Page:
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Retrofitting Touch-free Fixtures
BY CP Editorial Staff
SponsorsTouch-free technology has improved over the years and the resulting products, including automatic flush valves, faucets, and towel and soap dispensers, are growing in popularity.
Building service contractors looking to suggest retrofitting restrooms with some of these products to their customers have many strong selling points to grab a facility manager’s attention. For example, touch-free products help prevent cross-contamination and improve the public image. Facility managers receive fewer complaints from tenants about people not flushing toilets and urinals.
The best time to retrofit restroom fixtures is during a remodeling project. If BSCs are aware of such an opportunity, they can propose to retrofit the soap and towel dispensers, or flush vales on urinals and commodes or possibly even the sink faucets. Retrofitting these restroom fixtures can be done during weekends when restrooms are not in use by building occupants. However, manufacturers have made the process of retrofitting products from standard to touch-free so simple and seamless that BSCs don’t always have to wait for a remodel project to make the switch.
Retrofitting has also gotten cheaper as technology has improved. Many products now use batteries rather than electricity. In addition to being less expensive, this type of technology is typically not as complicated to install. Many flush valve kits simply slide over the existing handle of the fixture and clamp in place. In some instances, BSCs don’t even need to have the water shut off in order to retrofit urinals and commodes.
But retrofitting doesn’t stop with touch-free toilets and urinals. Touch-free soap dispensers can be hung on the wall, or deck-mounted models can be installed in the existing counter opening. Touch-free towel dispensers can also be mounted to walls. For Class-A facility restrooms that use stainless steel cabinet dispensers, manufacturers offer touch-free models that use stainless steel filler panels to retrofit the towel dispensers seamlessly into existing recessed dispenser cabinets. These models comply with ADA regulations and BSCs don’t have to remove the entire stainless steel unit in order to retrofit the towel dispenser.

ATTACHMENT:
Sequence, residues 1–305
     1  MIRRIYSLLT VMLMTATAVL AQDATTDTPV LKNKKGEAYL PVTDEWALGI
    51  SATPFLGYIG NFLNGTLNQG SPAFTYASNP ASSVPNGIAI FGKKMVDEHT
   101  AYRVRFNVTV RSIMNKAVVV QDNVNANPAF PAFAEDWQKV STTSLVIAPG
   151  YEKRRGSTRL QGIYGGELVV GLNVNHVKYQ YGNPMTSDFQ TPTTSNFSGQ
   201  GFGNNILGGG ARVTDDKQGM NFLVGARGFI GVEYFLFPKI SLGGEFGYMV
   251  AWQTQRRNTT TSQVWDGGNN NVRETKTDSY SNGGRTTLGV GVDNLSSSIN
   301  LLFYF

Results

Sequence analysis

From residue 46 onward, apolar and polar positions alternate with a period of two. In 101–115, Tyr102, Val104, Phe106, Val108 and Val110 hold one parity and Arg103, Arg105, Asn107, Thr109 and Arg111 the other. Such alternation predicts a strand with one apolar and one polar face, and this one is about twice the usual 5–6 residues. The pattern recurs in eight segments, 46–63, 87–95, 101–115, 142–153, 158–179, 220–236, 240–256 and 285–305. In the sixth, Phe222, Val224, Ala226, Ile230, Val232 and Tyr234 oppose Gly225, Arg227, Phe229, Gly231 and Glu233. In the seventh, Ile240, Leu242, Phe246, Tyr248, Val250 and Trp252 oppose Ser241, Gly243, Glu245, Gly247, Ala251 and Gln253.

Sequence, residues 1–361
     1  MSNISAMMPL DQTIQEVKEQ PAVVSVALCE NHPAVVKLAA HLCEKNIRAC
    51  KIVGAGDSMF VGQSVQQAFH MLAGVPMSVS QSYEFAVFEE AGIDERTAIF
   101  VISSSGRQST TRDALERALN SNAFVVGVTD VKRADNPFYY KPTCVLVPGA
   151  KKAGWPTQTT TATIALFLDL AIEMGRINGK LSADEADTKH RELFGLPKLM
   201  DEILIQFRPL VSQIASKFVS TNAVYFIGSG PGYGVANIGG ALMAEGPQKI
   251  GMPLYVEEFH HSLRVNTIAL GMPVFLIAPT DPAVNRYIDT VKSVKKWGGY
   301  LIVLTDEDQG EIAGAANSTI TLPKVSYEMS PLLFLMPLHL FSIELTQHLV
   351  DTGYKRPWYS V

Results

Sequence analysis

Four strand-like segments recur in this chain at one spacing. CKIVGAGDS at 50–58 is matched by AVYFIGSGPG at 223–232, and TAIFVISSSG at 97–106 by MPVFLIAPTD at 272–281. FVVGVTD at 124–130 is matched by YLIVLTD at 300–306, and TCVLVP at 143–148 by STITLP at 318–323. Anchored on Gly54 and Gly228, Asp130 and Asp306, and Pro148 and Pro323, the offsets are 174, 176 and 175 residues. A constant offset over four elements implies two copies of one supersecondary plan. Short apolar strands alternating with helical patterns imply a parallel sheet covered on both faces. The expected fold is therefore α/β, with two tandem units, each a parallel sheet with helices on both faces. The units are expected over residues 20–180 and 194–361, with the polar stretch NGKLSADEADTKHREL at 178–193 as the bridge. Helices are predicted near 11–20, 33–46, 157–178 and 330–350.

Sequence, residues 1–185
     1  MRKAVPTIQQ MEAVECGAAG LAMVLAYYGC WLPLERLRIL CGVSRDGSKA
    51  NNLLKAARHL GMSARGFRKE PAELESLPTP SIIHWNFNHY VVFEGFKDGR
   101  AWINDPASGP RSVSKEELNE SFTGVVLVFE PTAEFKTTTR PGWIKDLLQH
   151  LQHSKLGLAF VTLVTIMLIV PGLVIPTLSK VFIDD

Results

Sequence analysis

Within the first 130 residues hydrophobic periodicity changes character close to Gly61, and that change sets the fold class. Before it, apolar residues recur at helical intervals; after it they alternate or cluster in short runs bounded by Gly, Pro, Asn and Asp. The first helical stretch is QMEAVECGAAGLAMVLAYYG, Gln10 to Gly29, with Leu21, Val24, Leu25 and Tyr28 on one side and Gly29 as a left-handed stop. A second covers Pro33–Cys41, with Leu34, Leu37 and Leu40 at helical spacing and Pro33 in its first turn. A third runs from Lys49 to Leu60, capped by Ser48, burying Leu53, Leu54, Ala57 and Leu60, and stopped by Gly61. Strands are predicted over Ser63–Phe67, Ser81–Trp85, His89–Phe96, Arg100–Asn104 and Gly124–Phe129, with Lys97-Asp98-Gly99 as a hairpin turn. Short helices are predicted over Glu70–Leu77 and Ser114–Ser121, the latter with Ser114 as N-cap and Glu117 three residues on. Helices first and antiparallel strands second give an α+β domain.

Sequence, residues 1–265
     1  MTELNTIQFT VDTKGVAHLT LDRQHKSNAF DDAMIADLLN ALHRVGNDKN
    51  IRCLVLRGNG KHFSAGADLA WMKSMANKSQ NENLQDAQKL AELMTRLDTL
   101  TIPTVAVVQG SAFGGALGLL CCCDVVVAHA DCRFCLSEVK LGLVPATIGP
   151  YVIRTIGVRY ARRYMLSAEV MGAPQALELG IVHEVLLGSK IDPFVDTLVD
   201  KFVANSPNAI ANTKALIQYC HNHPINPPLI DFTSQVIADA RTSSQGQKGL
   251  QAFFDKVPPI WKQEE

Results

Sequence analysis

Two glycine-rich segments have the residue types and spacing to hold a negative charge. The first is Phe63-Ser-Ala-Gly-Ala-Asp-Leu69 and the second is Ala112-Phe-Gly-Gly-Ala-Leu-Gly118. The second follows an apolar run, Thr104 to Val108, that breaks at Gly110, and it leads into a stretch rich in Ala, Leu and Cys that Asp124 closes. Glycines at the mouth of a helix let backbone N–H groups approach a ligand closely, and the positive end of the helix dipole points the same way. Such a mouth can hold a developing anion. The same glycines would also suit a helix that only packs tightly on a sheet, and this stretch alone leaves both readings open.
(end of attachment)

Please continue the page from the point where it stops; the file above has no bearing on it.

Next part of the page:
Faucets, however, are a little more complex for retrofitting. While contractors will still be able to use the existing sink opening for faucet heads, they will need to shut the water off and replace the existing plumbing hardware in order to install touch-free equipment.
Before suggesting a retrofit project, BSCs should perform a due diligence study to understand the scope of the work involved. With any project work, there can be unexpected problems. Reduce the risk by training staff beforehand.
Retrofitting old fixtures to touch-free products will enhance the overall restroom experience. While the cost of this project will fall to facility managers, BSCs can assist their customers by helping them make smart product choices before performing the retrofit.
Excerpted from the February 2006 issue of Contracting Profits.
POSTED ON: 1/1/2007